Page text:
A leading expert on PAHs, he was one of the first to suggest their existence some 30 years ago.
Proving these molecules exist is an important breakthrough for further research, which was previously hindered by doubts about their presence, said Allamandola.
“[With] the discovery of this, the dam has finally broken,” he said. “The avalanche is about to start.”
Allamandola hails from New York and currently lives in California, where he developed an astrochemistry laboratory at NASA’s Ames Research Center.
A product of Catholic schools from elementary to undergrad, he, like Shingledecker, never expected to have such a significant impact on the world of science.
“It’s all God’s plan somehow,” he said.
Years ago, Allamandola built a laboratory at Leiden University in the Netherlands that simulated conditions in deep space with extremely low temperatures.
In these laboratory simulations of interstellar space, he made ices, irradiated them with ultraviolet light and studied what kinds of molecules were created as a result.
What’s special about GOTHAM’s discovery, said Allamandola, is that the complex molecules they found exist inside dense interstellar clouds where dust particles shield them from UV radiation and prevent them from being blown apart.
It’s a satisfying clarification for his life’s work, and one of many major strides that have been taken in astrochemical research since he started his career.
“In those days, space was thought to be totally barren,” he said. “Temperatures were way too low. Ultraviolet was so harsh. In the interstellar space, chemistry was thought to be a nonstarter.”
Now with NASA’s James Webb Space Telescope set to launch soon, Allamandola predicts “we’re going to see these PAHs all over the universe.”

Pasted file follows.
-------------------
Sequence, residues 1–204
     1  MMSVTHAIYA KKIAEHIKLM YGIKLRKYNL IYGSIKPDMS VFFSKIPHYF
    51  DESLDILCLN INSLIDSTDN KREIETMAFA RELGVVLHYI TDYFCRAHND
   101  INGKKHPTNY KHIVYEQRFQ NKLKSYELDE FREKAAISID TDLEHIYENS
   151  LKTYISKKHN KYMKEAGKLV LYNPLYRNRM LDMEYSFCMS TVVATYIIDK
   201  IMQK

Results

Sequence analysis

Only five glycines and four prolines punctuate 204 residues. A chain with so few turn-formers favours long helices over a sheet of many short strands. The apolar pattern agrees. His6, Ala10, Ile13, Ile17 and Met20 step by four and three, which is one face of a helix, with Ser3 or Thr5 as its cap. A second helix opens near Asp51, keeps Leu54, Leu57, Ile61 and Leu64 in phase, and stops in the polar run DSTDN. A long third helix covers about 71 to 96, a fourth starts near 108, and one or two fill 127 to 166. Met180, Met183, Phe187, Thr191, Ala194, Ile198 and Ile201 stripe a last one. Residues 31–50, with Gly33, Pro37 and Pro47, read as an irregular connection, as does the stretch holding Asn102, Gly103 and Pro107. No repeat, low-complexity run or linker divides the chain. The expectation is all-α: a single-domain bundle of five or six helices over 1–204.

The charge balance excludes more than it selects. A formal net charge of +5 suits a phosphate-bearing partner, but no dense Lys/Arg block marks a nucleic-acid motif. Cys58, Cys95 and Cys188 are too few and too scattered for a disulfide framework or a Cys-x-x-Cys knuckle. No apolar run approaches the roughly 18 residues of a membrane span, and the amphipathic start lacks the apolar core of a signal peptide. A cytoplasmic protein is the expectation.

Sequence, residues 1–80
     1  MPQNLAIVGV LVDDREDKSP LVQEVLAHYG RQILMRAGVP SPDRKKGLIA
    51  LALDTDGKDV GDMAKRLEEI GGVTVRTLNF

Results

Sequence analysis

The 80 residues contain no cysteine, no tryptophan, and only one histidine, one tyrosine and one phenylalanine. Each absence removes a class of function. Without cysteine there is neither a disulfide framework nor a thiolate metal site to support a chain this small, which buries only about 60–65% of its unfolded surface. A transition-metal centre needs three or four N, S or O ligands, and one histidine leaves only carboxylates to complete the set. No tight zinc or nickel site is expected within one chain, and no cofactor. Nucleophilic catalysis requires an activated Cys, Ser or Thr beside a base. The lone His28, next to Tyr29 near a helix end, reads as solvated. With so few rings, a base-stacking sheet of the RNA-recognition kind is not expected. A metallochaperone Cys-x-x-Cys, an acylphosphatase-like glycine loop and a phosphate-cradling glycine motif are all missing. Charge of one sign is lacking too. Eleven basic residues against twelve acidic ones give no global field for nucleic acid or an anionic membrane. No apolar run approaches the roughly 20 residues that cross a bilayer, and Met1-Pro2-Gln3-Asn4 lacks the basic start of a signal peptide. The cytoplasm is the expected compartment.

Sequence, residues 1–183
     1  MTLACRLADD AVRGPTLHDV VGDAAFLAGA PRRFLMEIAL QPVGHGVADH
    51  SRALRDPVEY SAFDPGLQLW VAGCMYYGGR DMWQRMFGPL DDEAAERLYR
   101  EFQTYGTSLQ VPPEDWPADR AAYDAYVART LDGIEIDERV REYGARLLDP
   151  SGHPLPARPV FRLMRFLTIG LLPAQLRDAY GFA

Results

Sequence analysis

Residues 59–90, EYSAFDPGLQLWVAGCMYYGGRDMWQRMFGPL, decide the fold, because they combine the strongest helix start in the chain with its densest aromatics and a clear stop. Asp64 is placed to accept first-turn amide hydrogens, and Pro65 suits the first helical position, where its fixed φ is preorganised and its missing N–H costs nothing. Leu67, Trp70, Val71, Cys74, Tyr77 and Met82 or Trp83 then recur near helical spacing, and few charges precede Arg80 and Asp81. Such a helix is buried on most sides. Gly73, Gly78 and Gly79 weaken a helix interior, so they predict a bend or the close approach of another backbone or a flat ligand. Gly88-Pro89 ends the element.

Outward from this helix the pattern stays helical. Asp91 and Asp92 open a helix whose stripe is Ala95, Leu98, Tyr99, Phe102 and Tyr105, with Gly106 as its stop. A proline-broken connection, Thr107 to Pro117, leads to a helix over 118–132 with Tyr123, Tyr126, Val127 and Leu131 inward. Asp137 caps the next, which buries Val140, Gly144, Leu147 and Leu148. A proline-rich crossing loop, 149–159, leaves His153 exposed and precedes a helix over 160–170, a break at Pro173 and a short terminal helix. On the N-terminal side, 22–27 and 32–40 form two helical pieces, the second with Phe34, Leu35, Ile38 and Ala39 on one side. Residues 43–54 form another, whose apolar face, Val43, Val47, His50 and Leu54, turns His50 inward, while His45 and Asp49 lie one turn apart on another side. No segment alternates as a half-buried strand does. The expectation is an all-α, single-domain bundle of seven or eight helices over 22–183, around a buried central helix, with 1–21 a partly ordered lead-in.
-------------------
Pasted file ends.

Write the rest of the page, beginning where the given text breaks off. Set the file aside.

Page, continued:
A universe ‘beyond belief’
Several of the world’s experts in space research have something special in common — an unwavering faith in God.
The Society of Catholic Scientists, of which Allamandola and Shingledecker are members, is a growing organization that connects scientists of faith.
Its mission “exists to foster community among Catholic scientists, to bear witness to the compatibility — and indeed, mutual benefit — of science and Catholic faith and to provide a platform for Catholic students to interact with more senior Catholic scientists,” said director Dr. Karin Oberg, a professor in the Department of Astronomy at Harvard.
She said her work has never caused any doubts about God’s existence.
“Rather, my Catholic faith is a source of meaning when pondering the scientific projects that I pursue, knowing that it is his creation I am exploring,” she said.
It’s also “a source of confidence in the fundamental intelligibility of the cosmos, and a source of strength in my daily work trying to help [educate] the next generation of scientists,” Oberg added.
Shingledecker’s work has also strengthened his faith, and the chance to share that with the Benedictine community is special.
“I love the students here,” he said. “They’re fantastic. And it’s really lovely to be able to show them that faith and reason go together.”
Shingledecker, who draws inspiration from Albert the Great, the patron saint of scientists, enlightens his students on the church’s support of astronomical research throughout history.
“The church has preserved knowledge [and] promoted learning, schools and science. And for it to be seen as suddenly antagonistic to [scientists] is a betrayal of the legacy of the church in fostering learning and discovery,” he said.
“Even though you hear over and over and over again that science discredits religion, the truth is the opposite,” he said. “[Many] of the great scientists historically believed in God.”
Studying the universe and “how it all hangs together” has only increased Allamandola’s faith.
“When you see the beauty out there, you realize how we’re just super amateurs,” he said. “It’s thrilling and exciting to see God’s mastery and the intricacy.
“How it all goes together is beyond belief.”